Dr. Siminovitch and colleagues identified three genes in one pathway that are involved in susceptibility to primary biliary cirrhosis (PBC), an autoimmune disease that destroys the bile ducts in the liver. Until now, the cause of PBC has remained unknown and there is only one available treatment for this potentially fatal disease. Patients who do not respond to medical treatment may require liver transplantation. PBC usually strikes women between the ages of 40-60 years, and affects about one in 1,000 women over the age of 40 years.
The researchers studied 600 patients with PBC in Canada and 400 patients in the United States through a partnership with the Mayo Clinic, along with 1,000 controls (patients without the disease). Patients with PBC often have other autoimmune diseases as well, suggesting that these diseases may be caused by some of the same genetic factors as PBC.
"We can now pinpoint any gene for any disease," said Dr. Jim Woodgett, Director of Research, Samuel Lunenfeld Research Institute of Mount Sinai Hospital. "Dr. Siminovitch's work is an excellent example of how genetic findings are making a difference in patients' lives."
The study was funded by Canadian Institutes of Health Research and the Ontario Research Fund. Additional support was provided by the Canadian PBC Society.
About the Samuel Lunenfeld Research Institute of Mount Sinai Hospital
The Samuel Lunenfeld Research Institute of Mount Sinai Hospital, a University of Toronto affiliated research centre established in 1985, is one of the world's premier centres in biomedical research. Thirty-four principal investigators lead research in diabetes, cancer biology, epidemiology, stem cell research, women's and infants' health, neurobiology and systems biology. For more information on the Samuel Lunenfeld Research Institute, please visit www.lunenfeld.caThe original press release may be viewed here.
Primary Biliary Cirrhosis (PBC) is a chronic, but variably progressive chronic liver disease caused by ongoing inflammation of the small bile ducts within the liver. The result is cholestasis (failure of bile flow), which causes damage to the cells of the liver and promotes scarring of the liver, and this may lead to cirrhosis (nodular liver with loss of normal architecture).
The disease generally affects middle-aged women (40-60 years), but it has been described in a 15 year old. It may affect males too. For every 9 women with PBC there is one man affected.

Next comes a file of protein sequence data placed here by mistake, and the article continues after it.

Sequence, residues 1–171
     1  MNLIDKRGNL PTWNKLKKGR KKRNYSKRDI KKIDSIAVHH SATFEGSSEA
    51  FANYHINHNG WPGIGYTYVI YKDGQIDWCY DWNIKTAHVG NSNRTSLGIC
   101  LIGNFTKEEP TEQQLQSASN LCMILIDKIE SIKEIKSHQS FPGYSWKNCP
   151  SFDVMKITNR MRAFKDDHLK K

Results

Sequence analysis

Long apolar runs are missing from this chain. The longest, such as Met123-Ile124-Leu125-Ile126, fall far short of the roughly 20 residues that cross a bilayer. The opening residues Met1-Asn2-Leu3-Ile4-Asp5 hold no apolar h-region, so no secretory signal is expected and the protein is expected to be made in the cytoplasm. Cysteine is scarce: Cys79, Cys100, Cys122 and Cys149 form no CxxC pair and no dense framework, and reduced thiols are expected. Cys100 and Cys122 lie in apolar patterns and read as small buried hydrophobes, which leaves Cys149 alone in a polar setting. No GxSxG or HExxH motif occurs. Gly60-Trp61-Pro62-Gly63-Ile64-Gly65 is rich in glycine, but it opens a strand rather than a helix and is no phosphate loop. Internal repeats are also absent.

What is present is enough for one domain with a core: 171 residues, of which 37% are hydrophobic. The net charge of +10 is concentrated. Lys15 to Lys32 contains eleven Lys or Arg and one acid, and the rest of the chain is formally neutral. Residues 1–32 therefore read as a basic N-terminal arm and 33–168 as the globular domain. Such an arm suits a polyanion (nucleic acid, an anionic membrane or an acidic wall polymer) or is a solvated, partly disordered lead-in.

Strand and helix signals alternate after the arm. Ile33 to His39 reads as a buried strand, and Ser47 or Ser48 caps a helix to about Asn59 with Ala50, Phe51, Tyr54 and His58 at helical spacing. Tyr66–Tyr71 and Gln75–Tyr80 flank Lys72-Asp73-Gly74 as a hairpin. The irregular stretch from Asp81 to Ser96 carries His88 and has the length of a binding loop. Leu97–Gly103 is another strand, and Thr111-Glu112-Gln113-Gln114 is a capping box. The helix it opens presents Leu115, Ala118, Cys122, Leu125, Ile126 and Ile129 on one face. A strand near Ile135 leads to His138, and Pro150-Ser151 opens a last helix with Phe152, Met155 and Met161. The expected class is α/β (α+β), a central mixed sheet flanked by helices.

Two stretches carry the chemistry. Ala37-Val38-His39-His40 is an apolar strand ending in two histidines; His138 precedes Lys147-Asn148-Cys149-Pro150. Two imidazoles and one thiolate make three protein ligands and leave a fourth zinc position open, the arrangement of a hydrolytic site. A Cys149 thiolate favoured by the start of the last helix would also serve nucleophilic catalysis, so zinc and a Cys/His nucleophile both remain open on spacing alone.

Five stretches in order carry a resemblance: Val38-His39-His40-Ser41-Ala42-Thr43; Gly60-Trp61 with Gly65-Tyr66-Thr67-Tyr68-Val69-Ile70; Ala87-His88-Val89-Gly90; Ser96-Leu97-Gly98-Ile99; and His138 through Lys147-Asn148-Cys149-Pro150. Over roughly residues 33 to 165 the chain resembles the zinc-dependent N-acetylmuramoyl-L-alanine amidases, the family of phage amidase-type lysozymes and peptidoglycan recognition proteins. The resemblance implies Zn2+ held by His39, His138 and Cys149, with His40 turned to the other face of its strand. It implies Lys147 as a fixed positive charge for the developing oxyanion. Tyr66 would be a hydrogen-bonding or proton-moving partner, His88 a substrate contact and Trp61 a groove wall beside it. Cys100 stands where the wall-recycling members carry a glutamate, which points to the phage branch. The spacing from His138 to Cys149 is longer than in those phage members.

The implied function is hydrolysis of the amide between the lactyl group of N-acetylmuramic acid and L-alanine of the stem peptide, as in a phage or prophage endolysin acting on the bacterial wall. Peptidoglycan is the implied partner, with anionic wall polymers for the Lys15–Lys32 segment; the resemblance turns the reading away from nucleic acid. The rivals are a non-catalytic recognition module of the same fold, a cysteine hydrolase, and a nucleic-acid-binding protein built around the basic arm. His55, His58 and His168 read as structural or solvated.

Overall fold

PBC is a presumed autoimmune disease the cause of which is unknown. Genetic predisposition appears to play an important role in its pathogenesis (cause).
Our PBC group at the Liver Clinic, Toronto Western Hospital has had a long-standing interest in the pathogenesis, epidemiology, therapy and, more recently, genetics in PBC. Throughout the years we have conducted many national and international collaborative studies.
In February 2005 the Canadian Institutes of Health Research (CIHR) approved our application entitled “Family studies in PBC”. The study will be funded for 3 years.
The goal of our research study is to identify susceptibility genes for PBC by testing DNA in samples of blood and correlating the results with clinical information on both patients with PBC as well as unaffected and affected parents and siblings. We will study these individuals and a cohort of healthy controls (spouses and friends will also be asked to act as the local “control” population) with genetic markers to screen for a select set of candidate genes as well as the full genome for variants associated with PBC. There are three sites currently involved in this study: Toronto, London and Halifax that follow over 600 patients.
We will recruit patients with PBC (primarily from Ontario and Nova Scotia) and ~ 1800 of their first-degree relatives. Detailed clinical and demographic data will be obtained on all study participants and blood for DNA analysis and storage of a mononuclear cell preparation will be collected. All data will be stored in an Oracle-based relational database. Patient recruitment will involve obtaining written informed consent. Once received, documentation of the clinical (including demographic), serologic and histologic data on all patients as well as collection of blood samples for DNA analysis will be obtained. All study patients will be initially approached by their physician with follow up by the study coordinator and, if willing to participate, these individuals and their first degree relatives will be asked to provide contact addresses. They will be mailed explanatory consent forms and, once these have been returned signed, patients and their first-degree relatives will be sent questionnaires to complete and be asked to provide a blood sample (either at the study site, local hospital or private laboratory). The Canadian PBC Society will facilitate the correspondence with some patients via e-mail to minimize our mailing costs.
The blood collection for this 3-year study will cost approx $105,000. The Canadian PBC Society is pleased to announce that they raised these funds and finalised their commitment to covering this cost (which CIHR rarely covers). Their enthusiasm, effort and commitment to raise and donate the money to cover the entire amount are really much appreciated.
We hope that the study will provide opportunities for predicting disease risk, prognosis and drug responsiveness and will also provide the framework for elucidating molecular targets for use in therapeutic intervention.
|Last modified May 5, 2012|